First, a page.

Poorer schools could get access to facilities like swimming pools and laboratories if the sharing plan is implemented. Picture: Itumeleng English

Some give Gauteng Education MEC Panyaza Lesufi’s plan to merge schools a “Fail”, writes Sheree Bega.

Johannesburg - The small library at Robert Dlamini’s* school had to be “killed” a long time ago – the government could no longer pay the school librarian. She was sent back to the classroom, and now the once-popular library serves as a storeroom.

Down the corridor, the school’s makeshift science lab stands discarded and useless. “There is no scientific apparatus and no instruments for the children to use,” says Dlamini, the school’s principal. “The equipment is very old. Sometimes we try to go to nearby schools here in Soweto who have better labs and try to share our resources.”

And for pupils hungry for sport, there are only two offerings: soccer and netball. “There are no facilities for other sports,” says Dlamini about his school, tucked away in the impoverished heart of Soweto. “Nothing at all.”

But a hint of wistfulness enters his voice when he speaks about the “grand” new plan announced by Panyaza Lesufi, Gauteng Education MEC, to merge poor township schools with their well-muscled suburban counterparts.

If the ambitious Lesufi realises his dream, ultimately these unified schools of the near future will have one principal, one school governing body (SGB) and a single bank account, as well as share resources, facilities and staff.

“There are so many things we need – decent laboratories, libraries and sporting facilities. My wish list would never end. I would love my school to join a wealthy school, but I don’t know how this plan is going to work. There are no wealthy schools close to mine. We are separated by distance.”

The devil in Lesufi’s grand plan to root out inequality in the 2 000 public schools may very well be in the details. Just months at the helm of education, he has already announced a raft of new education reforms – from paperless classrooms to exempting teachers from tax to lure more to the beleaguered profession. But it is the school merger, what Lesufi refers to as the “hallmark of my administration”, that is attracting the most controversy.

“For us to deliver a quality education, a school in Sandown and a school in Alexandra must share their sporting facilities, their library, because I won’t have money to build a laboratory in Alex,” he stated last week, tabling his budget.

“Our motivation for twinning the schools is to maximise resources and efficiency and the desire to have quality education… it has nothing to do with politics.”

Tell that to Paul Colditz, the chief executive of the Federation for School Governing Bodies of SA. He believes Lesufi’s “Robin Hood” plan is not only unworkable but illegal.

“Every new politician on the block must have a new idea, so they come up with ideas that they haven’t thought through properly and that are in conflict with the law,” says Colditz dismissively.

Lesufi has announced that by January next year, 10 schools – two pairs in each of the metros – will have a merged SGB under this pilot project. By June, the next phase of the plan will kick in: for the pilot schools to share bank accounts.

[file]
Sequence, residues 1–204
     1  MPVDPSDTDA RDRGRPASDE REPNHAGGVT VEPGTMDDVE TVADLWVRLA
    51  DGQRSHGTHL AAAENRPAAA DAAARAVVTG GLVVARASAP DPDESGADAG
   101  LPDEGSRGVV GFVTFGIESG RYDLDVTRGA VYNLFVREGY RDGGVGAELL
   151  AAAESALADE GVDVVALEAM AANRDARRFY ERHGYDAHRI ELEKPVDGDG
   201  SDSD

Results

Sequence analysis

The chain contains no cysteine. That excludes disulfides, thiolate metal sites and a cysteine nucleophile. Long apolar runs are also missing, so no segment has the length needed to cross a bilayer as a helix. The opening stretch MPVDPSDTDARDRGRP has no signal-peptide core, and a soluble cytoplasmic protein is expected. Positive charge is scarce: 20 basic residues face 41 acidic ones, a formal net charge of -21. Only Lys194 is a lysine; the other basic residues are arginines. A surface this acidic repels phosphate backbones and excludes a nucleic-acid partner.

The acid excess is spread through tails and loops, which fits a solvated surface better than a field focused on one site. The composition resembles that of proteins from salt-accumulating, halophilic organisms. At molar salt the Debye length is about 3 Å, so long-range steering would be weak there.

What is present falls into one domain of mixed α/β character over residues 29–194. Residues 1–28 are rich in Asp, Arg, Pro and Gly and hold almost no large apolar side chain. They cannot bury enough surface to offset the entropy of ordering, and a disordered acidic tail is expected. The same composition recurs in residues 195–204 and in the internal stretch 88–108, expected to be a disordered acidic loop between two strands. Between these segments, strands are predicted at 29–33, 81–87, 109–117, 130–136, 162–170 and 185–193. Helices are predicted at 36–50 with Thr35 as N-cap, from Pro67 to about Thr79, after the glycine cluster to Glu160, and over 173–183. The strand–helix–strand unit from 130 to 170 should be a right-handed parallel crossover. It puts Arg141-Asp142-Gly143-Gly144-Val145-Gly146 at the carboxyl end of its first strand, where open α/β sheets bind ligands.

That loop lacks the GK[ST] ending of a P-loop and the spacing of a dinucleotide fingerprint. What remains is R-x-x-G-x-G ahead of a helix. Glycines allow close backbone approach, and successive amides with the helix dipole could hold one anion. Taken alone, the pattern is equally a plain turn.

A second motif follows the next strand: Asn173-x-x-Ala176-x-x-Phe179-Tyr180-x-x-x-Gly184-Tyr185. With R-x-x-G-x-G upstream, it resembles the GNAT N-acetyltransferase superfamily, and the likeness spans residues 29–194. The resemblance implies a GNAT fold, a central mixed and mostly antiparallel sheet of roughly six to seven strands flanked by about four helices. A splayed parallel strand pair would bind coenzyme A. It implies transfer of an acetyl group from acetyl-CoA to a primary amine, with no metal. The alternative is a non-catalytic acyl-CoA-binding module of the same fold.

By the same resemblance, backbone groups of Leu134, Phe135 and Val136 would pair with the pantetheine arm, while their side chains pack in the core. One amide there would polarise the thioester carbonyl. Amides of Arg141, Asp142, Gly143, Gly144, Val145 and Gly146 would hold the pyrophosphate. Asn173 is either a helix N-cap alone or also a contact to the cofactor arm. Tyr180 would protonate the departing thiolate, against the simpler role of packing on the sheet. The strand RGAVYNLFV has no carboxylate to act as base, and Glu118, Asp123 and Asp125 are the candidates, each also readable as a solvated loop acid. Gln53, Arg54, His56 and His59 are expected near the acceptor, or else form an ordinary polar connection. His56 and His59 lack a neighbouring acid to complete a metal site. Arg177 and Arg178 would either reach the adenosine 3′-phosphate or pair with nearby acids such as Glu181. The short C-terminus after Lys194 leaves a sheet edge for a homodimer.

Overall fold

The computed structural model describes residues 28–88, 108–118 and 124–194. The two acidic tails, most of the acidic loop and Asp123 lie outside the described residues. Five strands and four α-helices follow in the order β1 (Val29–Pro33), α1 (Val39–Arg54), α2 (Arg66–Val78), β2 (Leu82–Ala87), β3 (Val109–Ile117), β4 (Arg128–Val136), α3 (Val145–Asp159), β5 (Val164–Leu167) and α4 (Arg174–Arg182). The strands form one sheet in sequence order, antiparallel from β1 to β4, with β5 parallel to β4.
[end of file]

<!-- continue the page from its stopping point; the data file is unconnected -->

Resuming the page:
“In terms of the law two schools are separate juristic entities and personalities,” says Colditz. “Yes, you can have partnerships, and we encourage those, but what he (Lesufi) wants to do is… destroy both schools by killing them and then creating a new school.

“Under our education policy, the community must take responsibility for its school. So you’ll have the parents of a school electing parents of a SGB for that particular school. Now if you have one SGB, how on earth will you make sure that the two campuses of this single school have fair representation on the SGB?

“You will have a majority of parents from one school elected to the SGB and they will concentrate on the interests of their school, not the interests of others. They won’t know them from a bar of soap… How would you feel if you are expected to share your computer with a guy across the street? It’s your property. I, as a parent, paid for the education of my child, for that computer.”

Lesufi says the education system can no longer afford the one-school-one-principal approach, and so he is looking for “one dynamic principal” who has the capability, talent, skill and qualification to lead two, or even three, schools “so that we can save on personnel costs”.

Consider that, when he tabled his R32.8 billion budget last week, he revealed that 78 percent of it will be ploughed into teacher’s salaries.

But why should parents fund schools that already receive the lion’s share of state funding, asks Colditz. Each pupil from a Quintile 1, 2 and 3 school, the poorest no-fee schools, are funded R1 059 a year from the state, versus learners from Quintile 4 and 5 schools – the richest – who receive R183 per learner from the government.

“If I’m a parent at a Quintile five school, I’m obliged to pay school fees. Now you are telling me to share those resources with a non-fee paying school that already gets a much higher allocation from the state. Already there is redress for those schools. How on earth do I fund them without prejudicing myself and my child’s education?”